Wednesday, March 13, 2013

Up, Up and Away

Hot air balloons; let’s build one and see if we can make it fly. That was the challenge given to several 7th grade students in Mr. Dehetre’s STEAM class this past trimester.

How does it work? The balloon has mass and due to gravity the balloon has a tendency to stay on the ground. To fly, the balloon must take on a force in the opposite direction that is greater than the force of gravity. Air is made up of molecules of nitrogen and oxygen. Air has mass. These molecules, when cold, move very slowly and have a tendency to stay together. When the air within the envelope is heated up this changes the behavior of the molecules. They now move faster and move apart.  Some of these molecules escape from the hole in the bottom of the envelope. As more and more molecules escape, the balloon becomes lighter allowing it to overcome the force of gravity and fly.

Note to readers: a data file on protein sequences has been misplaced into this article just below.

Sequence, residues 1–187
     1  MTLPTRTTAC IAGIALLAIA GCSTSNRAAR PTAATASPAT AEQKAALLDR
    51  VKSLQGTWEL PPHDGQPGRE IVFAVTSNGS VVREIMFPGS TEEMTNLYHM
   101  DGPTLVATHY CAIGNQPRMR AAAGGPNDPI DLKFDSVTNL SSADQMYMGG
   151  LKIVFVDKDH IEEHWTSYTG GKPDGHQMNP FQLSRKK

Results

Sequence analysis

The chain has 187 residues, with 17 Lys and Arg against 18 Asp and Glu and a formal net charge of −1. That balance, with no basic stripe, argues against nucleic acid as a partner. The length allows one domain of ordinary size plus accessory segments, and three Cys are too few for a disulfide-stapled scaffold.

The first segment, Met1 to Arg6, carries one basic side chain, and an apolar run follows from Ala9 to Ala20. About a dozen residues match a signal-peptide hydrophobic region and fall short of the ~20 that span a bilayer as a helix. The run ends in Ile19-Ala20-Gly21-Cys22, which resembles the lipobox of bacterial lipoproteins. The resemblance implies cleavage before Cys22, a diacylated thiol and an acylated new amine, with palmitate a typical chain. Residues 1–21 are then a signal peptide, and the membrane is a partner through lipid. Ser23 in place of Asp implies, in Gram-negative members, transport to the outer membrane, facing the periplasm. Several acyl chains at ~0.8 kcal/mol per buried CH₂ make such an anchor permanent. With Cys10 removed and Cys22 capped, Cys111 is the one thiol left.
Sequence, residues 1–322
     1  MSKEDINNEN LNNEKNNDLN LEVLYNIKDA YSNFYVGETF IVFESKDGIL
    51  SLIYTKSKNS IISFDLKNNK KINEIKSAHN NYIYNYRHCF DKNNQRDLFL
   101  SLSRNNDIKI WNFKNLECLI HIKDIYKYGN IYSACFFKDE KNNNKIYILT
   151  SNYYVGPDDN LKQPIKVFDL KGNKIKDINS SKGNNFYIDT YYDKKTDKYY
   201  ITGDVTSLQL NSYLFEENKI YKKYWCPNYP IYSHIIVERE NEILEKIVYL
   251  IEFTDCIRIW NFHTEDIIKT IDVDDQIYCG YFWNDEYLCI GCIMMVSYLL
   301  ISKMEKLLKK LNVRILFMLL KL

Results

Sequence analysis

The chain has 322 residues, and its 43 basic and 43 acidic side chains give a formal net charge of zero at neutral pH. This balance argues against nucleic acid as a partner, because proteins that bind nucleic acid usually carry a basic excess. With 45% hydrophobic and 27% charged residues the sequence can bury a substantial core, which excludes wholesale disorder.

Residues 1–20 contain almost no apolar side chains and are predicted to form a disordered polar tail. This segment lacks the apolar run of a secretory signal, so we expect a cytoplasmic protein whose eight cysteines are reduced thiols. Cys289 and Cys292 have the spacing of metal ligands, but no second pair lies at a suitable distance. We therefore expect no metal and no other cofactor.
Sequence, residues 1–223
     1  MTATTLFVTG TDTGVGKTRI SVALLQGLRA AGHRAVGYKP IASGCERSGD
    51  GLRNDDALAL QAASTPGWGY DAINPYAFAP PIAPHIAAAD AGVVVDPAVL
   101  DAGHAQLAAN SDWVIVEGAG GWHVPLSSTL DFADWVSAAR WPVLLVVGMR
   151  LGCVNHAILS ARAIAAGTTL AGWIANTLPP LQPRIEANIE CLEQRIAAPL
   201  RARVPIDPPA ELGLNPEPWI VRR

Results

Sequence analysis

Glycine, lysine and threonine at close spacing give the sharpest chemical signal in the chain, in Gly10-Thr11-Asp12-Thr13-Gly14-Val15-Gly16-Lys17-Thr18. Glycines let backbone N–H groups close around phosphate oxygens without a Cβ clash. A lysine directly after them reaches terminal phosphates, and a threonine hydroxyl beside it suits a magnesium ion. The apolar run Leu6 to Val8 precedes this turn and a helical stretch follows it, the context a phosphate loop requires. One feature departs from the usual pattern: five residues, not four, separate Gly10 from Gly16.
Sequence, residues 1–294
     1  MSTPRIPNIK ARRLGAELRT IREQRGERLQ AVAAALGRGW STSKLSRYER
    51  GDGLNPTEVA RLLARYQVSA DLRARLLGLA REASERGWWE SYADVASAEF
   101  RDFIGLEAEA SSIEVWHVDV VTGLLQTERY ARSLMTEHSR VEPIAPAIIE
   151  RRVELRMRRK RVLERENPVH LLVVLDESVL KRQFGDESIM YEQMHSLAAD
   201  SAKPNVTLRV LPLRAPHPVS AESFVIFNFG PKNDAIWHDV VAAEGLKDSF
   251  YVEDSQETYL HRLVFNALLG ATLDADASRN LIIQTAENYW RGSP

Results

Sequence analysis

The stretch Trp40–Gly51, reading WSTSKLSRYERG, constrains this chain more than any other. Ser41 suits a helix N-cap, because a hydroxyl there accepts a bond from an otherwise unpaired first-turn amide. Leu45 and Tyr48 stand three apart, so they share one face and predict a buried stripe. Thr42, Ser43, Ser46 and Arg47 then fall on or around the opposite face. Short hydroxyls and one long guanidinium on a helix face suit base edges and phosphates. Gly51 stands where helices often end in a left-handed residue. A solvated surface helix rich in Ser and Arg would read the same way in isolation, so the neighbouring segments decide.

Taking the challenge were Sophia McGrath, Rebecca Israel, and Eliza Waterman. The girls studied a video showing how to construct and fly a model of a hot air balloon. Following the instructions, the trio built the balloon’s envelope from tissue paper. The paper was carefully cut to form gores which were then hemmed together through the use of glue sticks. Putting the balloon together was no easy task but the girls were successful with their first build. Will it fly? It sure did! Testing was done in the STEAM lab by forcing hot air into the envelope of the balloon. The girls held the balloon over the source of hot air for a good 3 or 4 minutes. Upon letting go, the balloon sailed to the ceiling.

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